A few Exmoor stary night pictures from a very cold weekends camping in the heart of Exmoor’s Dark Sky Reserve at

Star trails looking south from the campfire

Making fireworks for little Charlie by bashing the fire logs

Star trails again

Long exposure shot of Gordons Discovery and Ambi-Van, lots of frost on the Disco’ and light spill from the bunkhouse and campfire, fun shot though.


Salamander Firesteel

Salamander Firesteel

I am testing this little Salamander Firesteel by Andy at Feather Forge. Andy kindly offered this prototype as a hand around tester through Bushcraft UK Forum. It has been travelling around the country from person to person, in theory stopping with each for 4 days at a time although this seems to have been abused a bit as it should have been back with Andy by last Christmas! It arrived with me yesterday.

Its a great little gadget for firestarting, a quick strike of the steel on flint results in a strong spark that will take to anything such as the bushcrafters favourites like charcloth or ‘King Alfreds Cakes’ otherwise known as coal fungus (Daldinia concentrica).

The firesteel has a very useful blade that I think would be good for skinning. The Salamanders shape means it fits nicely in the hand and makes the blade easy to control.

Now I just need to talk Andy into letting me buy one of these off him, in fact I’d like to buy lots and offer them to people staying at The Exmoor Centre.


stary night

With the prospect of an amazing night sky we set off for a night at The Exmoor Centre last night. We were rewarded with a spectacular display.

A manic week

On top of the usual chaos that is life here on Monday last week disaster struck.

I was collecting a full trailer load from The Exmoor Centre and climbing the steep rutted stoney track the Land Rover was uncharacteristically struggling for grip. Odd seeing as it is permanent 4×4 and has a Quaife limited slip differential in the back axle. A quick glance in the mirrors showed there was no drive going to the back axle. The difflock was not engaging as it should meaning just a single wheel spinning would result in loss of traction.

On a 1 in 3 narrow track with no possibility of turning around there was no option but to apply girt heaps of right welly and  use momentum to get up. Unfortunately in the process this started the demise of the front diff. Stupidly after dropping the trailer load and the top I decided to return the trailer to the bottom of the valley. Apart from the occasional nasty mechanical crunch all seemed OK until I went the climb out of the river crossing coming back. A loud bang and no drive. Bother. Now bang slap in the middle of the river I was properly stuck.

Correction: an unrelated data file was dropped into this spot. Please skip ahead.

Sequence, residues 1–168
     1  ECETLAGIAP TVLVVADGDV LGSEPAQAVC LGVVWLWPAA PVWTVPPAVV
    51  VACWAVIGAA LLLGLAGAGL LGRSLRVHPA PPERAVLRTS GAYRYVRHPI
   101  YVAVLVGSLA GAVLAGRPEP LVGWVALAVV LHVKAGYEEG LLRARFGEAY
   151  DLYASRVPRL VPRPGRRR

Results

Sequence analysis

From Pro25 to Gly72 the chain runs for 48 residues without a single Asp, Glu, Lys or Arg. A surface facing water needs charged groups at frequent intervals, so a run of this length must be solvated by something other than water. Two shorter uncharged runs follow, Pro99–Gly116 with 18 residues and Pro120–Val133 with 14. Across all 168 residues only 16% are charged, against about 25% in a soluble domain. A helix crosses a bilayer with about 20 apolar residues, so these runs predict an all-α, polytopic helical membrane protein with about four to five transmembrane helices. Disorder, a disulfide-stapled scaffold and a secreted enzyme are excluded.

Luckily half a mile away a chap I know was doing a spot of walling so I trotted along and pleaded for help. We used his 4×4 to drag the Land Rover out of the river. Safely locked up I went to celebrate the Queens Jubilee and drown my sorrows.

Next day the mission to fix it began. A mate had volunteered to come out with his Discovery to drag the 110 back to base. This was a good plan right up until when he lost traction in the same place I had with the trailer the day before. Seems he only had front wheel drive too! We both set off up the the chap walling and dragged him away from his work again. We soon had the stricken Land Rover out of the valley on heading back to base.

Pulling the halfshafts revealed both were in fine fettle. Damn, definitely a destroyed diff then. A bit more time spannering and the old diff was undone, pulling it out I was hit squarely on the chin by a falling cog. Yep, definitely busted.

On the ground this is what I had.

I think a new one would be a good idea


Lots of sympathy and mickey taking ensued on the Land Rover forums, Facebook and Twitter before a new diff was found for £60.

With a crowd of mates arriving on Friday it was a marathon of dashing around to get everything I needed to get it all back together. Finally finished on Friday lunchtime.

A major breakdown that would cost a fortune on most cars and even write some off sorted by some mates and a few quid. Thats why I drive a Land Rover.